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News June 29, 2015 Issue

Advisory Contracts: Don’t Cut Corners on the Approval Process

The advisory contract process for mutual funds is meant to be followed. Advisers and board members cannot ignore parts they don’t like.

That’s one takeaway from the June 17 settlement between the SEC and an investment adviser, the adviser’s principal, and three board members of two mutual funds. All were charged with violating what is known as the 15(c) process, referring to the section of the Investment Company Act that covers evaluation and approval of mutual fund advisory contracts.

The adviser, Commonwealth Capital Management, allegedly provided incomplete or inaccurate information to the two mutual fund boards, and the adviser’s majority owner, John Pasco III, allegedly caused those violations. The three board members were charged with moving forward on advisory contracts without having all the information they had requested. An attorney representing Commonwealth Capital Management and Pasco did not respond to a voice mail and email seeking comment.

Under Section 15(c), it is illegal for a registered investment company to enter into or renew an advisory contract unless the terms of the contract are approved by a majority of the fund’s independent directors. "As part of the approval process, Section 15(c) imposes a duty on the directors to request and evaluate, and a duty on the adviser to furnish, such information as may reasonably be necessary for the directors to evaluate the terms of the adviser’s contract," the SEC said.

Commonwealth Capital Management was part of a turnkey mutual fund platform providing services to small to mid-sized mutual funds, according to the SEC’s administrative order instituting the settlement, and advised various fund series within two larger fund entities, World Funds Trust (WFT), set up as a trust, and World Funds Inc. (WFI), set up as a corporation. The three board members charged served as trustees for WFT and as independent directors for WFI.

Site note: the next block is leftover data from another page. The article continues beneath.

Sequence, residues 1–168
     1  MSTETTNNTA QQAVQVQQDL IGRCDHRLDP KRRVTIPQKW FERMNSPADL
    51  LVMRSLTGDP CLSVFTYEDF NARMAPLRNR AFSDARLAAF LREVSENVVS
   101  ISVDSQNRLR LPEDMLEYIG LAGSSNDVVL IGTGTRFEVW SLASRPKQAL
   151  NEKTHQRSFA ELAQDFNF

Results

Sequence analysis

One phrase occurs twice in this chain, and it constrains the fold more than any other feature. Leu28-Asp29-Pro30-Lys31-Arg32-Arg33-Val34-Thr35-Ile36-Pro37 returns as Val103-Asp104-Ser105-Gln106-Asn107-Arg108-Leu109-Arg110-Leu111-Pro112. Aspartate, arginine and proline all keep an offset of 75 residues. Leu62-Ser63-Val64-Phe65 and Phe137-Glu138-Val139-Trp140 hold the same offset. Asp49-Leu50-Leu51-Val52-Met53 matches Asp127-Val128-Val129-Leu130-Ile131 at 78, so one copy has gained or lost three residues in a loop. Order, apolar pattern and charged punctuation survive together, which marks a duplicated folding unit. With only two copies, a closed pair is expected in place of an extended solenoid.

While the Commission collectively fined the adviser, Pasco and a subsidiary mutual fund administrator $50,000, each of the board members was fined only $3,250. Yet the words of SEC officials in the agency’s litigation release focused on the role of the board
members, particularly in terms of their roles as trustees at WFT.

"As the first line of defense in protecting mutual fund shareholders, board members must be vigilant," said SEC Division of Enforcement director Andrew Ceresney. "These trustees failed to full discharge their fund governance responsibilities on behalf of fund shareholders."

"The advisory fee typically is the largest expense reducing investor returns," said the Enforcement Division’s Asset Management Unit co-chief Julie Riewe. "The [parent fund of some of the funds’] trustees fell short as the shareholders’ watchdog by essentially rubber-stamping the adviser’s contract and related fee."

"The case is a reminder to fund advisers that the contract renewal process is a vital exercise, and advisers are obligated to provide boards with the information boards need to carry out their responsibilities," said Mutual Fund Directors Forum president and CEO Susan Wyderko. "The SEC is clearly focusing on this issue, and here took action when the adviser provided incomplete and inaccurate information to the fund boards."

"Asking the correct questions and requesting the correct documentation is only half of what’s required of mutual fund boards," noted Zaccaro Morgan partner Nicolas Morgan. "The board must also receive and evaluate the information before approving an adviser’s contract."

"The obligations of investment advisers and investment company boards under Section 15(c) of the Investment Company Act are a priority for the SEC Enforcement Division’s Asset Management Unit," said Mayer Brown partner Matthew Rossi. "I would not be at all surprised to see the SEC bring additional enforcement actions like the Commonwealth case in the future."

Requests and responses

The WFT board of trustees evaluated and approved advisory contracts for its funds with Commonwealth Capital Management and a sub-adviser on October 1, 2008. The WFI board of directors evaluated and approved advisory and sub-advisory contract renewals with Commonwealth Capital Management on August 27, 2009.